As much as we love and respect Taylor Swift as an artist and human (so much heartbreak at such a young age, yet she perseveres), as New Yorkers we’re not entirely on board with the news that she’s been selected as NYC & Company’s new ambassador for tourism. It’s not that she’s not a great representative. She’s savvy, ambitious, and articulate—like all of us. It’s just that the song that she wrote for the campaign, “Welcome to New York,” is just so…well…bland. In NYC and Co’s new promo video she rightly describes the city as bold and bright and loud. Shouldn’t the song be the same?
So without being too presumptuous, we’d like to nominate a few alternative tracks for the official New York City theme song.
While premium passengers reap the rewards of competition among airlines, it’s a different story in back. One problem, according to Tim Winship, publisher of Frequentflier.com, is that carriers are flying at near-full capacity these days, so you can no longer count on having an empty seat next to you. At the same time, airlines are squeezing in more seats, using slim-line models that are narrower and have less padding than previous versions. On the flip side, new planes do offer better in-flight technology both obvious (touch screens) and less so (humidity controls; mood lighting). Whether this counteracts the increasing claustrophobia of economy is up for debate. One thing is certain: those premium economy seats are looking mighty tempting.
Amid rising fears of more cases of Ebola reaching our shores, U.S. Customs and Border Protection and the Centers for Disease Control have introduced enhanced passenger-screening procedures at several international airports. Screenings at New York's JFK airport (which receives 43 percent of travelers from Ebola-afflicted nations) began last week; similar protocols are scheduled to start this week at Newark Liberty, Washington-Dulles, Chicago O’Hare, and Atlanta's Hartsfield-Jackson airport. Minnesota officials are also lobbying for screenings at Minneapolis-St. Paul International Airport. Breaking news that a Dallas health care worker took a flight to Cleveland from Dallas the night before she reported symptoms of Ebola (for which she has tested positive), will certainly send another shudder through the aviation industry, as airlines and airport workers evaluate what procedures they have in place to handle infected passengers. As a reminder: Ebola is not transmittable through casual contact. A person must be exhibiting symptoms to spread the virus—putting health-care workers and close family members at greatest risk.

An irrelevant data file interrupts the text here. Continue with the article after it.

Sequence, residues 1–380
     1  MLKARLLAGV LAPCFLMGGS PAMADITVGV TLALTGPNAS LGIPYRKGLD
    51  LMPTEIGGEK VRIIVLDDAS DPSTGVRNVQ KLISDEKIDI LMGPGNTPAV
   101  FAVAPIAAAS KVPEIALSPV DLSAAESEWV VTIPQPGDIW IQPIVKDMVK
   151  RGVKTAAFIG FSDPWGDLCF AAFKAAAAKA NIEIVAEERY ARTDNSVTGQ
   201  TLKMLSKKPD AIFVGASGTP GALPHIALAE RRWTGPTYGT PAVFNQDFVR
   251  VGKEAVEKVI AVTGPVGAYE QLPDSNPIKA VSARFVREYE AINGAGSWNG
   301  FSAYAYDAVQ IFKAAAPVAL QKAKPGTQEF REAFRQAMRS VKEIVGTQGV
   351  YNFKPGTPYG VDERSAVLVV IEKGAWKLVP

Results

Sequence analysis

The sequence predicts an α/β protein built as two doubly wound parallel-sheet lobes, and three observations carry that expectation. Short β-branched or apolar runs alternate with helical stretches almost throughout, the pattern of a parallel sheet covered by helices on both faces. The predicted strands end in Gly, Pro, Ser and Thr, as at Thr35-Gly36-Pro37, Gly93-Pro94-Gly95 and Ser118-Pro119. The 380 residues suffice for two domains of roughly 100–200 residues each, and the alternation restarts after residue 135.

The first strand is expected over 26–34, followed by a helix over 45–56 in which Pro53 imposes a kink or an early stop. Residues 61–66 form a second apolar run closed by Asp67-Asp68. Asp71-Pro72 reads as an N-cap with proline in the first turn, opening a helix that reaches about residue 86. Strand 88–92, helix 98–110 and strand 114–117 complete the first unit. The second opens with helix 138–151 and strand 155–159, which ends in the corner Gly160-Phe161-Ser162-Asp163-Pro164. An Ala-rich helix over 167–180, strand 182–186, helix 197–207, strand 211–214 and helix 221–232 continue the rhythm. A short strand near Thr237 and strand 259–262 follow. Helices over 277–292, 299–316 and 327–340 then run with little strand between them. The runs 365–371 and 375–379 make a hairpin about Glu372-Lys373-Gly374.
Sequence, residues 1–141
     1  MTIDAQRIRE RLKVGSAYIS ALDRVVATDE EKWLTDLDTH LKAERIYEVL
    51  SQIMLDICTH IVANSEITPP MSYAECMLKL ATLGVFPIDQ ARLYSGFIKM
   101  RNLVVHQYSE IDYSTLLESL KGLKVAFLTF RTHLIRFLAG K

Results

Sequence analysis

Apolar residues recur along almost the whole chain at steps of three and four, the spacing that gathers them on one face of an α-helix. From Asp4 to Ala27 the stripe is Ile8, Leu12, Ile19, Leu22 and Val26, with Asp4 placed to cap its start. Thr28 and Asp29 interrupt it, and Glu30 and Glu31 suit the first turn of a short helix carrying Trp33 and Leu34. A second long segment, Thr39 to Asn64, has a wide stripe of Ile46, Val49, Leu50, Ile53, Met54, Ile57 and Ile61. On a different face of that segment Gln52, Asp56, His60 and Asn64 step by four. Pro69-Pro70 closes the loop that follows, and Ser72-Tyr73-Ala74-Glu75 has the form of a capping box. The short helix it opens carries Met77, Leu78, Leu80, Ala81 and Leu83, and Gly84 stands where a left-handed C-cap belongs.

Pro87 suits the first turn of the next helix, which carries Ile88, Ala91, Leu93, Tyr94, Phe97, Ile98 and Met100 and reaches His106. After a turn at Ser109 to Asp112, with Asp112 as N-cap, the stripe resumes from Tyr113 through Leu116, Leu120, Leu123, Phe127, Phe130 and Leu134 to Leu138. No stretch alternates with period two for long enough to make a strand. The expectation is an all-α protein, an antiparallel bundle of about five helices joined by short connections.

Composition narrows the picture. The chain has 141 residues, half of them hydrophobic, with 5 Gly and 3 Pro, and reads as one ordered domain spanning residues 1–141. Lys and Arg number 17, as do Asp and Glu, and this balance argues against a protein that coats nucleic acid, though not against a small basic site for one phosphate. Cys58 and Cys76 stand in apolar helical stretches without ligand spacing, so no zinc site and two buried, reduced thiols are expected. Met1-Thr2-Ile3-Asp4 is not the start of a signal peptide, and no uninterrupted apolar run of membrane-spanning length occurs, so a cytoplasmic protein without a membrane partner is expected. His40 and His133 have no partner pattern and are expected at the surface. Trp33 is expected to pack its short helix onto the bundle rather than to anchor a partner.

When you’re spending as much as $30 a day for hotel parking, tipping the valet each time he or she retrieves your car can seem like an unnecessary investment. That $30, however, goes only toward the valet’s base pay, which—much like a waiter’s—is calculated assuming that he or she will receive gratuities. If you don’t want to hand out money each day, ask the concierge if it’s possible to leave a total tip at the end of your stay: many hotels pool and distribute tips evenly to the valets.
Quick access to a city center via public transport makes it easy to steal away for a few hours and take in some sights—and even a meal. Here are six airports we love, all with convenient luggage storage.
Minimum layover needed for two hours in the city center: 5 hours Travel Time to City Center: 15 to 20 minutes How to do it: Heathrow Express to Paddington ($57 round-trip; trains every 15 minutes) What to do: A short ride on the Tube gets you to Waterloo, where you can walk along the South Bank for views of Big Ben, St. Paul’s Cathedral, and the Shard’s glass spire. End with a tagliolini with clams at Gordon Ramsay’s Italian-inspired Union Street Café.
Though some airlines (JetBlue; Alaska) give you a few extra inches here and there, the major domestic carriers are all in agreement: the maximum allowable carry-on bag is 22" x 14" x 9". This standard has been in place for years, but in the past airlines were lenient about ensuring bags adhered to it. United, however, started enforcing its size limits in March. So to play it safe, invest in a suitcase that doesn’t exceed those measurements.
In an upheaval of frequent-flier programs, major domestic airlines will soon be basing your benefits on the amount of money you spend with the carrier rather than on the distance you fly—a move that privileges front-of-the-plane travelers over those who are more price-sensitive.
Delta led the charge in February, saying that beginning next year it will calculate your award miles according to ticket price, rather than miles flown. United made a similar announcement in June. (They also both instituted minimum-spend requirements for elite status with their programs this year.) JetBlue, Southwest, and Virgin America already have similar models in place.
Good news for Vail Epic Pass holders: you now have access to yet another world-class ski mountain. Vail Resorts just announced the acquisition (for a cool $185 million in cash) of Utah’s Park City Mountain Resort. Powdr Corp, the former owner of the Utah resort, had been struggling financially in recent years and was embroiled in a legal battle with Talisker, the Canadian company that owns much of the actual ski mountain. It has been increasingly uncertain if the resort would even open for ski season this winter.
The city where travelers can find the most affordable five-star hotels in the world? Warsaw, Poland, where the average luxury room went for just $130 a night in the first six months of 2014. This is according to the annual Hotel Price Index from Hotels.com, which looks at how much people spent for rooms at properties across the globe over the first half of the year.